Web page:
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Chinas Economic`s

Chinas Economic`s

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Published by: Sharjahman on Apr 27, 2008
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Chinas Economics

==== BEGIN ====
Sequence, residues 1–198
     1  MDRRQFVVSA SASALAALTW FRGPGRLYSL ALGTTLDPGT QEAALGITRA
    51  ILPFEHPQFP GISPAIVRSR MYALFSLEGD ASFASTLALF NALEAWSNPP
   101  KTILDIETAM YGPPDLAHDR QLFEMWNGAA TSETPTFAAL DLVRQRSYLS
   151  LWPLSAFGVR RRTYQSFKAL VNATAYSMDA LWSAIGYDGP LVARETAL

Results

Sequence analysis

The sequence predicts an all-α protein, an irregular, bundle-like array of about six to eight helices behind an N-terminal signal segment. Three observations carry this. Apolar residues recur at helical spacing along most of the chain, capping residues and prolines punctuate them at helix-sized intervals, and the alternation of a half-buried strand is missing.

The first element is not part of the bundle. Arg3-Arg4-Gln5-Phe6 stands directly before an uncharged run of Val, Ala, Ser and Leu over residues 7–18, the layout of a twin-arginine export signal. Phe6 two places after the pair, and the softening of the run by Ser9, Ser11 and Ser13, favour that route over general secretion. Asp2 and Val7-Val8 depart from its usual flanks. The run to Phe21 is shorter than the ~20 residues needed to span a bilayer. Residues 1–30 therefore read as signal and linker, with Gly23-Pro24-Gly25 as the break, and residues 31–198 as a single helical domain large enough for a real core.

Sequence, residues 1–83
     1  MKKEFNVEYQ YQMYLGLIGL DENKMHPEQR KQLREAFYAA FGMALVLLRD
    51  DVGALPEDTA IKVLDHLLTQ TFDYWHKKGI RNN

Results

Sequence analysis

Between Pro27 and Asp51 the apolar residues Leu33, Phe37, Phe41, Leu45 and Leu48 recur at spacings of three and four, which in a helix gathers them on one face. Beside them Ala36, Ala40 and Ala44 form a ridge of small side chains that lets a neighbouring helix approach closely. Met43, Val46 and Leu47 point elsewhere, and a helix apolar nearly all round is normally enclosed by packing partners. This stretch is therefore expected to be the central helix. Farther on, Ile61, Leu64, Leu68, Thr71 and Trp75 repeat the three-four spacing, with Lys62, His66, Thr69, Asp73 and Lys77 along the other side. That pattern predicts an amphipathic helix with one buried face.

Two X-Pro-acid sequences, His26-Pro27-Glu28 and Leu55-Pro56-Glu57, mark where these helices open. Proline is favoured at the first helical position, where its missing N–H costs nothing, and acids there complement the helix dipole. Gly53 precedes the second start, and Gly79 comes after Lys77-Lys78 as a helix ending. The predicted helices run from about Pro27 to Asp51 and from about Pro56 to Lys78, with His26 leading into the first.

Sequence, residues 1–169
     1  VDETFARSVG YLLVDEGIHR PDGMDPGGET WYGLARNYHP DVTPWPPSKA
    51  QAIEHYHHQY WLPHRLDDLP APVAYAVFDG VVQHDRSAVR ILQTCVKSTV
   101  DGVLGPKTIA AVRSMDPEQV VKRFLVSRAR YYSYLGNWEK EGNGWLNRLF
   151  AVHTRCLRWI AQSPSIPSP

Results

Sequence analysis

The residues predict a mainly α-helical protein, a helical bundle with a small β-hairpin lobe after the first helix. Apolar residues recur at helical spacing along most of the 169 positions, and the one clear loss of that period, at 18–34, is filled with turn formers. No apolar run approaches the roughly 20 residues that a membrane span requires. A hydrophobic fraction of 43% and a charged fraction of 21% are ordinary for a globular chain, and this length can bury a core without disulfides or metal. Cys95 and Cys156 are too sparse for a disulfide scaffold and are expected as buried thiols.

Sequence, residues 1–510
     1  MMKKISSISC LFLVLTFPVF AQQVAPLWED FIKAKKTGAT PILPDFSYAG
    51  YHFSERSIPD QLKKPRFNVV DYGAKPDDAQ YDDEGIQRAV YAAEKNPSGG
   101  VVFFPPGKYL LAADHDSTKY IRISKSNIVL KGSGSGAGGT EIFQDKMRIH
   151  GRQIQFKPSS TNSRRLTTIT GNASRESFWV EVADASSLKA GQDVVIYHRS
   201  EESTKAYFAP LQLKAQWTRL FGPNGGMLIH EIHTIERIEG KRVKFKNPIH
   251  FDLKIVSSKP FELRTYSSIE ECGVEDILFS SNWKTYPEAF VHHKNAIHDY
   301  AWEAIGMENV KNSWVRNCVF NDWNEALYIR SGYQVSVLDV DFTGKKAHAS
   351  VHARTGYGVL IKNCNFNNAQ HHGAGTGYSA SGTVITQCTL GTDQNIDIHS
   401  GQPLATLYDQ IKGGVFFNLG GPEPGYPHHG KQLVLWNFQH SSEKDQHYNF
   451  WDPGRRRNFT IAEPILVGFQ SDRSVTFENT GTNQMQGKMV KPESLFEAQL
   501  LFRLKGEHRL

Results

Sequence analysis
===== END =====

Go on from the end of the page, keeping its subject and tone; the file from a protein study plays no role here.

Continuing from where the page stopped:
For various reasons, China has always been an important country in the world.With its increasing large population, it was determined by other countries that is has a lotof economic potentials. In just one decade and a half, China has transformed itself from agiant that use to live in poverty into a wealthy powerhouse to the world economy. Withone-fifth of the world¡¦s population, China is now producing 4% of world merchandiseand a proportion of global production. It has also one of the world¡¦s oldest and mostinfluential civilizations. China has established three approaches to the world economyand they are establishing an alternative socialist system (1950s); isolating itself from thesystem (the 1960s to mid 1970s); and participating in the system again from the 1970s.China¡¦s economic system was quite similar to Soviet Union¡¦s because it is central planning system. However, after the 1950s, this central planning is broken into regional planning by different provinces in China. In another words, China has changed from acentrally based country in a regionally based country, in which different provinces produces different goods and servies. This change has encouraged the development of small enterprises, which are the main driving forces of Chinese growth. In 1978, Chinahas liberalised its economy and start participating in the world economy. With its newmarket reforms in every sector, China¡¦s door has opened its economic door to foreigninvestors and freer trade in special economical zones. Beginning in 1994, China'seconomic structural reforms have begun new breakthroughs. Major changes have beenmade to sectors like personal enterprises, taxation, finance, foreign investment andforeign trade. At the same time, the Chinese government is speeding up its establishmentof a socialist market economy system. Hopefully, this socialist market economic systemcan be in place by 2010. (Roy 1-5) Major Structural Reforms Reforms already launched:1. Reform of the state-owned enterprises has been furthered. „h Some adjustment andreorganisation have been carried out in industries like textile, coal, oil and weapon-makings. 2. The social security system has made huge changes. „h People established re-employment centres that can help laid off workers to find jobs in other economic sectors.Almost 99% of the laid-off staff and workers who were fired from the state-ownedenterprises are using this re-employment service centre. Reforms to be launched: 1.Financial reforms will be undertaken „h To achieve the perfect management system,sectors like banks, securities, insurance and trust businesses are becoming independentfrom each other for clearer financial supervisions. „h Government is speeding up thereform of state-owned commercial banks, in order for the banks to operate independently.„h In case when companies have bad credit and unpaid debts, banks are reinforcingstrong policies to ensure the quality of bank loans. „h To safeguard financial assets andeliminate corruption of people who have political positions. 2. To increase export tomaximize the economy „h People are expanding export productions. „h People areimproving the development of international tourism to increase non-trade exchangeearnings. (Online) Economic Activity GDP/GNP China must have annual GDP growthgreater than 5% to maintain social stability and political survival. Economic freedom hasincreased China¡¦s prosperity. With its Real GDP of US$960.91 billion, it seems that ishas increased its output by 7.8% from 1997. Within the GDP, primary industry increased by 3.5%, secondary industry up by 9.2%, and tertiary industry enlarged by 7.6%. Thesocial labour productivity rose by 6.9% over 1997. In the first half of 1999, GDP grew at